A nonfiction mystery revolving around the identity of a legendary criminal who has never been apprehended.
A few years ago, New York magazine contributing editor Gray heard a passing reference to the hijacking of a commercial passenger plane in 1971. When the author realized that the hijacker, who boarded using the name Don Cooper and because of imprecise media coverage eventually become known as D.B. Cooper, seemed to have committed the perfect crime, he began researching a feature story decades after the breaking news. After announcing the hijacking while the plane was airborne, Cooper demanded $200,000 cash and parachute equipment to make his eventual escape. Airline and law-enforcement authorities provided the money and the parachutes after the plane landed. Then those authorities allowed another takeoff after the passengers left the plane safely. Gray located members of the crew from the flight as well as passengers, law-enforcement agents, amateur sleuths obsessed with the unsolved hijacking and experts of all sorts, especially regarding airplanes and parachuting. At first, the author fell under the sway of Lyle Christiansen, an octogenarian trying to sell film rights to the saga. Christiansen claimed he possessed documentation proving that his brother Kenny, deceased since 1994, had committed the crime. The narrative tension is built upon parallel story lines: Gray's re-creation of the crime (including the unsuccessful law-enforcement investigations) and his own investigation to learn Cooper's real name. It turns out that Kenny Christiansen is a credible possibility, but so are at least two other individuals out of thousands whose names have been bandied about. As the story unfolds, Gray becomes aware of his obsession with the search by himself and other sleuths, and his self-deprecation about his unexpected obsession sets the tone.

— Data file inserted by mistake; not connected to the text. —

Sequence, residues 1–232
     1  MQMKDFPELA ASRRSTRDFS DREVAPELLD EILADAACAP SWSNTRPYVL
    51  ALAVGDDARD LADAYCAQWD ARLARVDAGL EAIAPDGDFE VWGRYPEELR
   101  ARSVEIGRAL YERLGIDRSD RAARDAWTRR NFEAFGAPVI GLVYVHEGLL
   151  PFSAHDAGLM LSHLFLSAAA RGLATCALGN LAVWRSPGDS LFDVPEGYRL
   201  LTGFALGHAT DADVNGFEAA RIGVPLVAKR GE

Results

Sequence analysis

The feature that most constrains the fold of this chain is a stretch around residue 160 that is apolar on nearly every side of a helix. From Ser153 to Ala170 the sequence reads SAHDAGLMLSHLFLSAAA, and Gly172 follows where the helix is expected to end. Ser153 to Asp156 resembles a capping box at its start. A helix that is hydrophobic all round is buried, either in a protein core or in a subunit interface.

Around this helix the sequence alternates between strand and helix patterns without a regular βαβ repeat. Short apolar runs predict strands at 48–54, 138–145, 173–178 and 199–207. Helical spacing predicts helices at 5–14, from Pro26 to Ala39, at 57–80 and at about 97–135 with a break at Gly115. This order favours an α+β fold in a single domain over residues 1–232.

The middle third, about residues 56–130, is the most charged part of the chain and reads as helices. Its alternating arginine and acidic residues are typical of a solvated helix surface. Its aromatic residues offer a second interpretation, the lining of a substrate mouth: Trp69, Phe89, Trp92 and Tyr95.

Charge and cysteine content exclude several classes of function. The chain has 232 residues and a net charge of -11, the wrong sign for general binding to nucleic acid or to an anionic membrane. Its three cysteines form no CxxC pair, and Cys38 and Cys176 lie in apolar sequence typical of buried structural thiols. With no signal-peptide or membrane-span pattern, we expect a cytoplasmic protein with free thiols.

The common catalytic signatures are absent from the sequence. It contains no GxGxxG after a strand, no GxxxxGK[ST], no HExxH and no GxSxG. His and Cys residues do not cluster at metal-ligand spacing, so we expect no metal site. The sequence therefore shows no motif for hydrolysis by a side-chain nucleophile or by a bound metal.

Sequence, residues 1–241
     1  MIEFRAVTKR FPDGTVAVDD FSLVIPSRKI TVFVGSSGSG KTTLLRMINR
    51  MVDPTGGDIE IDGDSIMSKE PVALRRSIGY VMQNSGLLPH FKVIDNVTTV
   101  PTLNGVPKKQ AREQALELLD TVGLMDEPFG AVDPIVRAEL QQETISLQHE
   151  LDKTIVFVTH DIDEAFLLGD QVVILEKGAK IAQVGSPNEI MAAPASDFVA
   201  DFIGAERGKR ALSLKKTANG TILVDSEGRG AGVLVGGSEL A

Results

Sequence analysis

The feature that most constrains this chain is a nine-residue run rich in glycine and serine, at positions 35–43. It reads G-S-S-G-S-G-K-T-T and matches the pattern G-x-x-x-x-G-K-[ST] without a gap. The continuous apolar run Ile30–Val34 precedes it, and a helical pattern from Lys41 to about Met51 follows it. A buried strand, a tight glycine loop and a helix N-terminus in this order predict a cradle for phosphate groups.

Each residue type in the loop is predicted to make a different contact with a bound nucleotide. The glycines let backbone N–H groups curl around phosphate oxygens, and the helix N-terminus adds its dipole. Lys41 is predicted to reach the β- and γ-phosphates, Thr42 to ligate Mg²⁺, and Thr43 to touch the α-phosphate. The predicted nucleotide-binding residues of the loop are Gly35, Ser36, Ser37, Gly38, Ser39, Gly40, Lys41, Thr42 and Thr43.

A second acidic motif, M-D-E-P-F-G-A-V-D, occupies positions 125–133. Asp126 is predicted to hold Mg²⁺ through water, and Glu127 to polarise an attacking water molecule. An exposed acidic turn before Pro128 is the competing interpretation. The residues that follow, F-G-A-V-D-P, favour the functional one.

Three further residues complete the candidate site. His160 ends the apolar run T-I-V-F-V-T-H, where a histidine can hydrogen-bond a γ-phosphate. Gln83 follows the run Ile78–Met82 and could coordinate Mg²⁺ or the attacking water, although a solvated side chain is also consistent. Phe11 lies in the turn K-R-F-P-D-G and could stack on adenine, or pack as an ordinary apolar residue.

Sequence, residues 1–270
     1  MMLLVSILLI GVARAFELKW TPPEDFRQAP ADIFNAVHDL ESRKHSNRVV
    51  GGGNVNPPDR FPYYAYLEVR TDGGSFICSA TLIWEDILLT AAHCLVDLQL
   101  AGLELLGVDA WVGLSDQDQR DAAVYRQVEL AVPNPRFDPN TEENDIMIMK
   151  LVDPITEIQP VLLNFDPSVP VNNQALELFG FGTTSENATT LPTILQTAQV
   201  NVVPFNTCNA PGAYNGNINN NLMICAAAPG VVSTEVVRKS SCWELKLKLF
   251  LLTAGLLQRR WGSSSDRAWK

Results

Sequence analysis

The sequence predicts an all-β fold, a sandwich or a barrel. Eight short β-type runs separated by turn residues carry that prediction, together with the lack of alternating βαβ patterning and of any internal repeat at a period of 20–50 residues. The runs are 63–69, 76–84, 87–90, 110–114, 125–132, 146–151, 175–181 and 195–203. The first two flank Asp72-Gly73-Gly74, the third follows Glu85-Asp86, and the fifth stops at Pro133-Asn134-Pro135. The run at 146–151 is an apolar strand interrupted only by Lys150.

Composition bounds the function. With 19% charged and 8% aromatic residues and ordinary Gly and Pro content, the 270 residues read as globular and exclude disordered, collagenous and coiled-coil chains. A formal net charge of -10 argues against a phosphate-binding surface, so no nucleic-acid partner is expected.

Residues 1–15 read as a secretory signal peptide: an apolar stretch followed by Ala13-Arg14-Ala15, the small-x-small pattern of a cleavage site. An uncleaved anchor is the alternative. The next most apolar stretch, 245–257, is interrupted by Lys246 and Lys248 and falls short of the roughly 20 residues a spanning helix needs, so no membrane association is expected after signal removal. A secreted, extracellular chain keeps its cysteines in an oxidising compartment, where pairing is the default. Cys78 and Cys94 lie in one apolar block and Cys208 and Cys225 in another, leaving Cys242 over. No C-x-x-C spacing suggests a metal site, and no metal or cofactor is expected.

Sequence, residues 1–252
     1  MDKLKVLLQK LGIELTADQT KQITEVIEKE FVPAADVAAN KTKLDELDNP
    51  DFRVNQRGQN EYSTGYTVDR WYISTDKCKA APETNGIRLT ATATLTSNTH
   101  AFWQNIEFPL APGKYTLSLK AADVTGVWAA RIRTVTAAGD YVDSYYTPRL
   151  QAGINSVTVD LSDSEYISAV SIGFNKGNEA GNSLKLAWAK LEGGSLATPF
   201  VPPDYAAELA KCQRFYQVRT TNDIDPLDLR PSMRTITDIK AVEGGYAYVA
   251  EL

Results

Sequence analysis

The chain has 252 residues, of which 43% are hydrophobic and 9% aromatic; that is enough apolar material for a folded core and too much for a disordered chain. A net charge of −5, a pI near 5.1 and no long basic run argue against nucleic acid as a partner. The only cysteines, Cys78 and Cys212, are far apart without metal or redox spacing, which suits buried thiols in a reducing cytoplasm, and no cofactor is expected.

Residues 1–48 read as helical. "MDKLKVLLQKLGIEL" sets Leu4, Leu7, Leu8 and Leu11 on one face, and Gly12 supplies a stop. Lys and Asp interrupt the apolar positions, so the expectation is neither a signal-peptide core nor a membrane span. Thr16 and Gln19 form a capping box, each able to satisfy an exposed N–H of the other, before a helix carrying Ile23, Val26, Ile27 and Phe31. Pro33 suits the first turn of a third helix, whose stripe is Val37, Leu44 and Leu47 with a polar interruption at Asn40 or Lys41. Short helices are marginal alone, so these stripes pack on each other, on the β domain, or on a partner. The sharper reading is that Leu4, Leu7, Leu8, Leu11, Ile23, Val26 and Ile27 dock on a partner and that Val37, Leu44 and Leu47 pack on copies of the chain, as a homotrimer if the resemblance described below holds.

A thoroughly researched, quirkily written saga suggesting that truth is, in fact, often stranger than fiction.